While single shot has in fact been around and may not be “cool” any longer, here are some other single shot videos — some good, some interesting, but all the same. Since this author feels this is where videos are going to these days, these are some other talented artists that are out there with no budgets to their names, making the raw music video fresh and interesting.
Nicki Bluhm and The Gramblers – “I Can’t Go For That”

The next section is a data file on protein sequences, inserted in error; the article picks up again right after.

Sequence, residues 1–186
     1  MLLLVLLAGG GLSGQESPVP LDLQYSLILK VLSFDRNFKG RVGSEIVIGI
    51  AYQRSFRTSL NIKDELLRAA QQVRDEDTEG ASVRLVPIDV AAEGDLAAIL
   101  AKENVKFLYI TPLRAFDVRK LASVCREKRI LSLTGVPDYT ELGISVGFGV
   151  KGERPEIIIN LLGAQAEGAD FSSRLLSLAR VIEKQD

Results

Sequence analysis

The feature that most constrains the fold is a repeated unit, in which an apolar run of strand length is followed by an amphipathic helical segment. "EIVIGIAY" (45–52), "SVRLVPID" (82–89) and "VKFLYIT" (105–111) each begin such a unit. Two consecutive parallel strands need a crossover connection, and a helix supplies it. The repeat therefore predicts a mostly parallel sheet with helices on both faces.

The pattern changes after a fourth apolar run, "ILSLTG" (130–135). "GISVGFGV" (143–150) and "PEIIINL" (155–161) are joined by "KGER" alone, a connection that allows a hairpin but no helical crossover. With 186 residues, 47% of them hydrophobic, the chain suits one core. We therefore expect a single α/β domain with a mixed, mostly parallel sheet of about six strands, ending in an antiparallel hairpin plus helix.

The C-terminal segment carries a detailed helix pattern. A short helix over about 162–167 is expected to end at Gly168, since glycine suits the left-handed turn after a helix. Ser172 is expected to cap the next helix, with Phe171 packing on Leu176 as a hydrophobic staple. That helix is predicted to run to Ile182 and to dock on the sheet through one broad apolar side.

This is one of many from their “Van Sessions”, where Nicki and the crew cover many great tunes in the front seats of a Ford tour van. This one by far is the best. Just wait until you get to the kazoo solo, it will rock yer socks off!
Nyle – “Let The Beat Build”
I love hip hop. I do. I love the lyrical genius that hip hopster’s create, especially off the cuff. This is an amazing single shot video by a very talented artist with numerous talented musicians and singers as a supporting cast to this creative single shot video.
Walk off the Earth – “Someone I Used To Know (Gotye cover)”
They’ve nailed originality in the sense that their stares off into the distance are original. But nonetheless this is a unique take on a great song that is gaining more and more popularity.